Beyonwiz has added a third model to its ‘T’ series of personal video recorders. So far we have seen the three-tuner T3, and the T4 with four. So this new T2, of course, has two tuners. But don’t feel short-changed, for it comes with an additional USB tuner.
As with the other models, you can buy the T2 with a range of hard-disk sizes (see panel, left), with two new options here using SSD (Solid State Disk): $599 for 250GB and $699 for 500GB. The nice things about these? They are totally silent. Beyonwiz has even been able to dispense with the cooling fan for the T2, so the only thing you can hear is the occasional chatter of the hard-drive read/write heads. With SSDs there’s not even that.
Beyonwiz says that the T2 is good for recording up to eight programs at once from two different broadcasters — three if you use the supplied tuner dongle. Obviously the total length of recordings depends on the size of the hard disk.
It is the entry-level unit of the range in other ways. First and most obviously it is a far smaller unit, only 260mm wide, and very light at less than a kilogram, in part because the power supply is external. Also it does not have a front-panel display. Indeed, there’s no obvious indication whether the unit is on or not, other than what appears on your screen. This one does not offer PIP either.
The unit has HDMI output, plus composite video, stereo analogue audio and optical digital audio. A short cable daisy-chains the pass-through aerial output from one tuner to the next. The USB tuner comes with its own short cable which can plug onto the second tuner’s pass-through. In addition to the USB socket on the back, there’s another on the front under a flap, plus Ethernet and RS-232C. Wi-Fi is supported with the addition of an optional Wi-Fi dongle.
The fundamental operating system here is Linux, with an overlaid interface called WizOS. The Linux underpinning means there’s room for the expansion of capabilities. The 500MHz MIPS processor provides somewhat faster performance than the T3, but remains slower than the premium T4. And since the last time we looked at a Beyonwiz PVR, the company has launched an Android and iOS app called WizOS (shown above).
Not surprisingly the unit starts up with a Wizard. This allows you to select your time zone and location (it looks like TV stations are pre-programmed for a number of areas, but not our test area of Canberra). A full scan grabbed all my local stations within a couple of minutes.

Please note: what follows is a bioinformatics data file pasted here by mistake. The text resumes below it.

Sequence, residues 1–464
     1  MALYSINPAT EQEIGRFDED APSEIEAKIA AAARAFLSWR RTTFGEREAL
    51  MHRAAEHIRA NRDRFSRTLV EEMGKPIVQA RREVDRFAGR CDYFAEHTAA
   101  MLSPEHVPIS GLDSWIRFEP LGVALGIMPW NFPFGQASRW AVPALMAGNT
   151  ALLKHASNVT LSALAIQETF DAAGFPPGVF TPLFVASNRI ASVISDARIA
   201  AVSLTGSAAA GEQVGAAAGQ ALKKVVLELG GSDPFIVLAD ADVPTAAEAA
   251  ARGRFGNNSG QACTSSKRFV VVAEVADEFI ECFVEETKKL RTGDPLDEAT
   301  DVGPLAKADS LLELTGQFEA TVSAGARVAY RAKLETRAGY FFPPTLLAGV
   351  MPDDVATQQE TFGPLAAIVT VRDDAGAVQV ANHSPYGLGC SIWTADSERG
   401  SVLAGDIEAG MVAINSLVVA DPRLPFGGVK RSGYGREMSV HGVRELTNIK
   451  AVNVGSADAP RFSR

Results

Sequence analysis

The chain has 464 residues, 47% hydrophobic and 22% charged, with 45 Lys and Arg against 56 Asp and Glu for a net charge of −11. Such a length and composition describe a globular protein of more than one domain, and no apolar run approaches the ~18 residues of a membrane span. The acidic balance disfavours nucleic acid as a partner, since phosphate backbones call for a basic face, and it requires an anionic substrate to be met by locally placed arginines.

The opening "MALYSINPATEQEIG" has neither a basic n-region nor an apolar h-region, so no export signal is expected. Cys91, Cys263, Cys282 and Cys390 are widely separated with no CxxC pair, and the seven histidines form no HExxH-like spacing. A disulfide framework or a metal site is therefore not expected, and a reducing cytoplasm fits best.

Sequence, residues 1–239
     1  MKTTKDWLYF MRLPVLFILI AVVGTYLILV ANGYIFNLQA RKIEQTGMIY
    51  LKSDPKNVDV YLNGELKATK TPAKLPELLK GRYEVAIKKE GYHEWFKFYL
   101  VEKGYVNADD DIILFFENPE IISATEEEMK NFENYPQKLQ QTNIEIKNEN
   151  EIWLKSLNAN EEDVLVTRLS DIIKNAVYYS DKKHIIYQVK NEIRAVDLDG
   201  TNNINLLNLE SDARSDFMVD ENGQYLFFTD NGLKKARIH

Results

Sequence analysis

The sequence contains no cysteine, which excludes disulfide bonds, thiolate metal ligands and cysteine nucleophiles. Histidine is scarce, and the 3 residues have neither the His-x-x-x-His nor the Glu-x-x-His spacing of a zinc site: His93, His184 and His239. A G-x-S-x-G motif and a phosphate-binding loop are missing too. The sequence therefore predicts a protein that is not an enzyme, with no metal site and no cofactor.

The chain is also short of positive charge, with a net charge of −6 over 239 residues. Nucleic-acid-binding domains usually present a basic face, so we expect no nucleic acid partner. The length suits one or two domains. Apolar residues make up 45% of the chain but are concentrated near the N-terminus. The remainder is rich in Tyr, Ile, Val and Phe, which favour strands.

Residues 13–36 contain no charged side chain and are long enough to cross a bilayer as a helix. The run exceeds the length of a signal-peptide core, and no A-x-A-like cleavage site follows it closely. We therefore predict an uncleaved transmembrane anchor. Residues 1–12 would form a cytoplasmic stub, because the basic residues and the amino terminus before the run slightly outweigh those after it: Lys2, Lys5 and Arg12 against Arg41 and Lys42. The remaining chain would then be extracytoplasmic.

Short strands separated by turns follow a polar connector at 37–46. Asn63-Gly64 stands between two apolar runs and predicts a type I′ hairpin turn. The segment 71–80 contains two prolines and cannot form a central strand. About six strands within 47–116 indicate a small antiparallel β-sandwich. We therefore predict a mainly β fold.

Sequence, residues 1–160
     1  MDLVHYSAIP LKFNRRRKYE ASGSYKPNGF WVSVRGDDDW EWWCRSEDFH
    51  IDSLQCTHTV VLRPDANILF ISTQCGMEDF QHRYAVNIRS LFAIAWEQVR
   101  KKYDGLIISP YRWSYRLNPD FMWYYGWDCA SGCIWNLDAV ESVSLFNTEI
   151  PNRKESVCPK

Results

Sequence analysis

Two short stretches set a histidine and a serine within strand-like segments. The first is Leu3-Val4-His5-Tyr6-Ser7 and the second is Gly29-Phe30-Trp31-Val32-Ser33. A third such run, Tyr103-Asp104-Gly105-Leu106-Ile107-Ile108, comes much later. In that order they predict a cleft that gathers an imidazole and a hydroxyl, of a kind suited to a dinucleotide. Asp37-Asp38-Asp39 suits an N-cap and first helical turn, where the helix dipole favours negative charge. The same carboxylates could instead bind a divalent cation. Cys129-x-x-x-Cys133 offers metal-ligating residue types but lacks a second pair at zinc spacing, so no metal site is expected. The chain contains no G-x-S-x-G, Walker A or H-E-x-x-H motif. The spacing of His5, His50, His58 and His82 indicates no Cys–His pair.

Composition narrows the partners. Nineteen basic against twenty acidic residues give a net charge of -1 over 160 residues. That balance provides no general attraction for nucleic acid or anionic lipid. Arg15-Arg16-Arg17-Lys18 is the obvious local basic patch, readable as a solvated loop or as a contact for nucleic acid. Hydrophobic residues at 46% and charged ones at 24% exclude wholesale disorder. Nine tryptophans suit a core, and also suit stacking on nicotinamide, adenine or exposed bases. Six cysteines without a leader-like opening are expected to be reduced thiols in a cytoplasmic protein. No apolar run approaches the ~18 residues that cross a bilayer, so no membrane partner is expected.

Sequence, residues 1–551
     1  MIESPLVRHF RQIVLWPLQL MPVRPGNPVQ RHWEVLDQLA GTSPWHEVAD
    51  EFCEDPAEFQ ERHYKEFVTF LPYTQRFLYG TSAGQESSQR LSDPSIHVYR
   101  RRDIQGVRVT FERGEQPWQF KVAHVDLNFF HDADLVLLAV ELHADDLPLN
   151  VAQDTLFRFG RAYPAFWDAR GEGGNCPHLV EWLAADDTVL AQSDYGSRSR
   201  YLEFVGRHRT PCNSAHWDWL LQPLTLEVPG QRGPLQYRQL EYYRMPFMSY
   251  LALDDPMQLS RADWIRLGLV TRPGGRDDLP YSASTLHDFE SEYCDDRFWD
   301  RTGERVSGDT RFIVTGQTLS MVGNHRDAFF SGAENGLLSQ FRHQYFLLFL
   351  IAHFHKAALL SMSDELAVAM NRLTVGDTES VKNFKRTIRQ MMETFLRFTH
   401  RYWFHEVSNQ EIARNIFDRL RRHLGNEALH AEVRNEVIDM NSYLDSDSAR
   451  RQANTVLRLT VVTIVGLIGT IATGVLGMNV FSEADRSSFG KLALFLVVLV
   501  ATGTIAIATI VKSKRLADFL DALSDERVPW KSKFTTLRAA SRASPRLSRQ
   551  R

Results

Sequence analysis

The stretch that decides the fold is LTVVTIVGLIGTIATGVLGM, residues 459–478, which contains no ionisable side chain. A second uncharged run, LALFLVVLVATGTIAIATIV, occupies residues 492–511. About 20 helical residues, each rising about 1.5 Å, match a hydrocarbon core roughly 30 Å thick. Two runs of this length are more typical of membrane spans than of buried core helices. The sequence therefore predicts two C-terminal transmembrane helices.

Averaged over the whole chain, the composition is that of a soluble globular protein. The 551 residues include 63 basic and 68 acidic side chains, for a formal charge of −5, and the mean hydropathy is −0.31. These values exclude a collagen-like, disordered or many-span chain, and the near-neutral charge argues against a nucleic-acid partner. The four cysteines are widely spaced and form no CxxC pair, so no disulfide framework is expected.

It is possible to remove duplicate channels, but only at the cost of renumbering —e.g. delete the ABC duplicate 21, and ABC 2 is renumbered from 22 to 21.
The unit also supports FreeviewPlus, but it was woefully slow and eventually got in a tangle. However the ABC iView and SBS On Demand apps work fine. If you want more than the standard free-to-air EPG, you can take advantage of three free months of IceTV, and if you like it, subscribe afterwards.
The free-to-air picture quality was good. The colours and contrast levels were accurate and scaling was fine. The deinterlacing seemed to be always in a motion-adaptive video mode which gave reasonable results, although sometimes resulted in unnecessary moire patterns and the like.
The unit defaulted to 1080i output, but also supported 1080p and the other standard resolutions including 576i, so you can have the unit upscale or output natively. This setting is well down the menu system, though, not something you’re going to want to change every time you flip between HD and SD stations. Our ideal remains a setting in which the output resolution automatically matches the program resolution.
Among the things that a nerd like me loves: the highly detailed information on the pop-up information panel, even down to which tuner is in use, and the resolution of the picture in pixels.
The T2 certainly seemed a very stable platform, aside from FreeviewPlus. As I write, there are 10 shows recording from the two tuners plus the USB one at the same time, and an 11th show is network streaming to an iPad using the WizOS app. I set the unit to recording both manually, and by choosing things from the EPG. The unit adds pre-and-post recording padding of a length you can choose, and there’s highly flexible series recording. All worked properly.